Jesus’ first gift to the Twelve is already announced in the first sentence of the gospel, where we are told that he began to send them out two by two. Not one by one but two by two. The better to support and care for each other. To help each other to remain upright. Isn’t this also why we take the time to gather here every week, even though we could probably pray to God at home on our own? Isn’t this why many of us invest even more of our time in some form of communal religious activity, whether it be serving as a deacon or a lector, or singing in the choir, or doing a bible study? We do this because we realize that we are called and sent not just as individuals but also as a community. We know that each of us is a gift of the Lord to all the others. We help one another remain upright.

But that’s not all. If it were, the church would be nothing more than a club, a group of people who come together only to pursue a shared interest for their own recreation. Jesus’ second gift to the apostles helps us to guard against such potentially selfish and exclusive tendencies. Jesus advises them to wear sandals. Neither bare feet nor shoes, but sandals. Bare feet are OK for staying home. Sandals are needed for going out. Sandals also have an advantage over shoes. If you get sand in them, as you’re likely to when walking in the desert, they allow you to do precisely what Jesus asks the apostles to do when they are rejected: shake the dust off your feet and move on. Isn’t this an invaluable help to us in our struggle to be good human beings and faithful Christians? What better way to remain upright than to keep on moving? To remain engaged in the Lord’s mission of preaching repentance and healing to others. To be focused not so much on ourselves, not so much on the challenges that we may face, or even on the weakness and sinfulness that might continue to plague us from time to time, but rather on the mission that has been entrusted to us.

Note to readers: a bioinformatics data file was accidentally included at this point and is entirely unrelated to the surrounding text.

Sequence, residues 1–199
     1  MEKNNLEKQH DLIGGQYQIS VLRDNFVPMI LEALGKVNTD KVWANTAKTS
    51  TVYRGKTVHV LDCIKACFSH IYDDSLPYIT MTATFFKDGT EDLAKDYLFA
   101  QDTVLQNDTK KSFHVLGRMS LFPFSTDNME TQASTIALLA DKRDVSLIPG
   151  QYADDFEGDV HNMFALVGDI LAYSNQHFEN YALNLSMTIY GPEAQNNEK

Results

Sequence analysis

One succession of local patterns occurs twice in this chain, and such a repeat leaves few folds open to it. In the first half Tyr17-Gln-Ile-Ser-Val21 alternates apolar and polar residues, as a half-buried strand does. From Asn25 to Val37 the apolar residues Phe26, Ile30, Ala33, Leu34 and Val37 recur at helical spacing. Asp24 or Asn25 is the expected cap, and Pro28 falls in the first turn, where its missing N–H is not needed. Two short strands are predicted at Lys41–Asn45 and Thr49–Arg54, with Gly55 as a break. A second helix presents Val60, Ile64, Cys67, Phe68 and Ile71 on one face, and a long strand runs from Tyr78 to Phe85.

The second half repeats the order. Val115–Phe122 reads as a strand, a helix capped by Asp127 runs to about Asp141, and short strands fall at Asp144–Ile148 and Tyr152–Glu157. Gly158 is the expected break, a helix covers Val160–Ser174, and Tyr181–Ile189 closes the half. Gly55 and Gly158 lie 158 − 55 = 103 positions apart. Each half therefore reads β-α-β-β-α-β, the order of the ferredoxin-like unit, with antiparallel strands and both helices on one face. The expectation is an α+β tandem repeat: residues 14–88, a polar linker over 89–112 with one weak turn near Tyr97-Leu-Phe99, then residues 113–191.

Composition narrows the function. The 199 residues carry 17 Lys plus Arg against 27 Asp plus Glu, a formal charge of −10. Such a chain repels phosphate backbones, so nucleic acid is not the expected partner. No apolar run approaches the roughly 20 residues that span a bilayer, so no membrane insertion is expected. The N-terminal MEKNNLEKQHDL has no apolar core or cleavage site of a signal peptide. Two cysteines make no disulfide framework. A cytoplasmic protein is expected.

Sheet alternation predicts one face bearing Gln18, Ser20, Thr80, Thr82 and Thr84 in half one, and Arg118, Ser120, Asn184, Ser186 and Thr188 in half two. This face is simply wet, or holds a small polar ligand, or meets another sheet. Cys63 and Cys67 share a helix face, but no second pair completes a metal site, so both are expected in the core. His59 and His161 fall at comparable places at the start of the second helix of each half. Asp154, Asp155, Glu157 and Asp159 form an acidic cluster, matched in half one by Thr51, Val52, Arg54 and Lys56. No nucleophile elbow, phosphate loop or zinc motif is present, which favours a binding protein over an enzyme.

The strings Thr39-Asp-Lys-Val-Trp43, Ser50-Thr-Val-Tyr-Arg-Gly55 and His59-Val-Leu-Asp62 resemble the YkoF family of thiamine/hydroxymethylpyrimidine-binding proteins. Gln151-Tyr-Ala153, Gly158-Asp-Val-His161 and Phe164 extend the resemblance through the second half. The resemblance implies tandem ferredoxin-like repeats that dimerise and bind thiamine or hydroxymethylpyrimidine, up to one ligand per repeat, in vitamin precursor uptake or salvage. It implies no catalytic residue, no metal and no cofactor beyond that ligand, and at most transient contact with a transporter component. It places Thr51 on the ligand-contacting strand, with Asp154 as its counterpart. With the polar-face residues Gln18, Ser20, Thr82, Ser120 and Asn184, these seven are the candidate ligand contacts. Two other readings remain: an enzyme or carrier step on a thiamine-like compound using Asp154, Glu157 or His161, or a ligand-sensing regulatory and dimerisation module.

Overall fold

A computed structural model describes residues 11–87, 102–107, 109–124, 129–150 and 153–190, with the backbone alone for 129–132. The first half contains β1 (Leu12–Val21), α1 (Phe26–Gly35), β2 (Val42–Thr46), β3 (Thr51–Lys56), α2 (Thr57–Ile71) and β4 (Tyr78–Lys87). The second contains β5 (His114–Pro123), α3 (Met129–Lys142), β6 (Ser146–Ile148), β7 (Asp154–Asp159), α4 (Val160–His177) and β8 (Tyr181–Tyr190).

Even so, we are likely to encounter circumstances where these two gifts are insufficient. There may be times when our companions will fail us, when they will misunderstand and even hinder us in what are called to do. There may be times when the sands of rejection will accumulate so quickly as to make it all but too painful to soldier on. Isn’t this the experience of the prophet Amos in the first reading? Sent by God to preach an unwelcome message of repentance to a stubborn nation, Amos finds himself in a minority of one. Even Amaziah the priest rejects him. In such a situation, Amos has but one source of support. In a figurative sense, he leans on the one thing that Jesus advises the apostles to carry with them, a walking stick. Amos demonstrates to us the actual nature of this support and how it is to be used. Rejected by his own, Amos reminds himself of his own prophetic call. I was a shepherd and a dresser of sycamores. The LORD took me from following the flock, and said to me, Go, prophesy to my people Israel. By recalling the beginnings of his own vocation, Amos finds the strength to continue performing the ministry entrusted to him by God. Leaning on the walking stick of his own call experience, he remains upright in the sight of God and the whole nation.

Sisters and brothers, being an upright Christian is truly a challenging thing. But the Lord blesses us with gifts to help us along the way. How well are we using them? Where are we in the evolutionary process today?